Being Intentional about Friendship

A friend sent me an article about intentionality in friendship, saying it sounded a bit like me. (see link here) Actually, this described someone more anal than me when it comes to Intentional Connections! 

I’m mentioned this many times, but when I retired, I lost 75% of my daily connections. Our Big Move to Florida created a new set of losses in daily connection.  I’m sure the COVID pandemic hit a lot of others similarly as daily interactions disappeared from life.  Recognition that being intentional is important in making and keeping friendship connections is a good thing!

Here are some points from the article on how to be intentional in your friendship making actions:

  • The author encouraged you to list your friends. She had a listing 25 people she was being intentional about the friendship.  I wondered if I have 25 people I’m being intentional in friendship connections! It sounded like a lot.  Since I do have lists (is anyone surprised about that statement?), I checked and I have 21 people (mostly women) I consider friends at this point. That surprised me.
  • The author also talked about keeping a spreadsheet to track connection timing and key information about the conversations.  Just to be clear (friends who are reading this) – I do not do this!  I do have my list of folks that I review when I’m setting up something. But I don’t keep track of conversations, which is probably why I can never recall exactly whose daughter has recently moved where or whose son started a new job and lives in Chicago now.  Or was it Denver?
  • Then there is the idea about planning topics of conversations before meeting. Another thing I don’t do. But now I’m wondering if I should, because I often don’t recall whom have I told about what.

On reading this article, I did realize I have some approaches I follow for my own Intentional Connections.  Connection is in my retirement lifestyle vision!

Active Body, Connected Heart, Creative Spirit, Contemplative Mind.

For my long-term long-distance friendships, it is all about maintaining. Each month, I try to set up 4-5 long-distance connects for a long conversation – my beach-walk & talks or a happy hour whine & wine or even a sit & chill. I don’t need to figure out topics because those conversations easily flow topic to topic. I believe that these friends are long-term because we can have those easy long conversations! I do make a mental note of how long between connections, as for most (not all), I’m still the connection instigator.

My Fun Tribe friend list is for when I’m scheduling local things to do.  Here, new people I meet start more in the acquaintance zone on this list. I have a 3-invite and out personal principle. If I invite you to 3 things and you say no to all, with minimal excuse and no reciprocation, or even no response at all (yes, that has happened), then you’re off the list.  But, most folks on this Fun Tribe list are really appreciative of my finding and logistically coordinating activities.  And I enjoy their company! I do hope in time that one or two of these folks will turn into a long-conversation friend!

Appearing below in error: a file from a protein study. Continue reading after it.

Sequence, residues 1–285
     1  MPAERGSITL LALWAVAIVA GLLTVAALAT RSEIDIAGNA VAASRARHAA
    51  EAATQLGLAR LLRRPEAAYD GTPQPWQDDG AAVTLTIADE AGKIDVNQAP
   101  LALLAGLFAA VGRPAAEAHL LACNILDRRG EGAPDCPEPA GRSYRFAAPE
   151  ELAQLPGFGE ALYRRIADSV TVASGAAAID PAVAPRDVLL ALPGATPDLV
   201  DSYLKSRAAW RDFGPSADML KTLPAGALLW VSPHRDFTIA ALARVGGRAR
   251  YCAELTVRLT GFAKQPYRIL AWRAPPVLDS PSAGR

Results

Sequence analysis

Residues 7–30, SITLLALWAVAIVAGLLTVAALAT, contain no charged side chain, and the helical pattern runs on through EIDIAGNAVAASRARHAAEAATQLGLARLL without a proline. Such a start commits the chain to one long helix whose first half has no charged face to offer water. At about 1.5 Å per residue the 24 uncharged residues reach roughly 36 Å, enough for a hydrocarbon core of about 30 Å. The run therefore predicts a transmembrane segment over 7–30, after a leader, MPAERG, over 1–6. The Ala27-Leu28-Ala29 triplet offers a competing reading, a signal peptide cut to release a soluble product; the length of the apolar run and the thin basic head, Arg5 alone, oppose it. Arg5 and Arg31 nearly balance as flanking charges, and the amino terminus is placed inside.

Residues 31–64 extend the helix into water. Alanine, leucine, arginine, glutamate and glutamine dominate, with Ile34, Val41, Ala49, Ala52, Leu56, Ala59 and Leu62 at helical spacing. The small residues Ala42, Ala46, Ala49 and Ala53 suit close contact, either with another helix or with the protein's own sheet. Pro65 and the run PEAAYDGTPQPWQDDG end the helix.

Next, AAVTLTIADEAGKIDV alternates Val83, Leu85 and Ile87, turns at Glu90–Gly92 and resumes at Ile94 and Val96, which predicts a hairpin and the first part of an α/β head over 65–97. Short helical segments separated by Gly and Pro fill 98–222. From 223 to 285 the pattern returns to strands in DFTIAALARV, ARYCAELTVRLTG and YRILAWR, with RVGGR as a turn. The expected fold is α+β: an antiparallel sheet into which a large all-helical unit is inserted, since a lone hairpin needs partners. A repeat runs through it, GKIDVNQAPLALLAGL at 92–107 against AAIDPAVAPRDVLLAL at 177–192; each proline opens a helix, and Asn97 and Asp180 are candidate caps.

Do you have some intentional tools for creating and maintaining friendships?  Or is all this just too anal?

picture credit: a sunset from this week!

24 thoughts on “Being Intentional about Friendship

  1. This struck me as funny since, about a year ago, I made a ‘people chart’ of family and friends not because it was suggested, but because I felt lost. I don’t track conversations or ideas for them, but I’m trying to note contact dates.

    I’m always losing time–daily, weekly, monthly, yearly. Poof! I’ve been up 5 hours and nothing to show for it. POOF! It’s 2022 and I haven’t seen Suzie in 2 years.

    I always feel like we can just pick up where we left off, but I’ve learned that’s not true for everyone, especially young people. What seems like a short time for me is a long time for them. I want my friends and family to know I care. If that means I need a chart, I don’t mind if someone would find that anal.

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    1. I’m certainly not gonna judge… I have lists! You are so right that time passes and it’s “when did I last talk with her”?!? For me, sometimes, I’ve had to say that maybe it’s time to say goodbye to that connection (life does move on), other times It’s a “reach out moment”. And to be clear – the past 2 years has been really tough on in person connection!

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  2. Definitely anal. Although, Malcolm and I do sometimes prompt each other to be sure to ask about ‘such and such’ when getting together with friends. That is as close as I will get to a spreadsheet of conversation details. Who has time for 25 friends?

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    1. I recall years ago hearing that most people only have about 5 close friends, and to be honest, most of my list are more like “close acquaintances” who I do things with. Few of these things are one-on-one things, and few of these people have even been to my home. I’d often love a prompt to “ask such and such” for some gatherings…keeping track of who’s gone on what trips or what their kids are up to can be a challenge!

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  3. Oh wow, that sounds like way too much work and way too anal. I don’t like talking on the phone, especially with those who LOVE to talk. Because of that, I don’t do a great job keeping in touch. Because I live in my home town (such birth), I have a lot of friends here of various levels. How many, how often do we connect, and what do we discuss? I have no idea.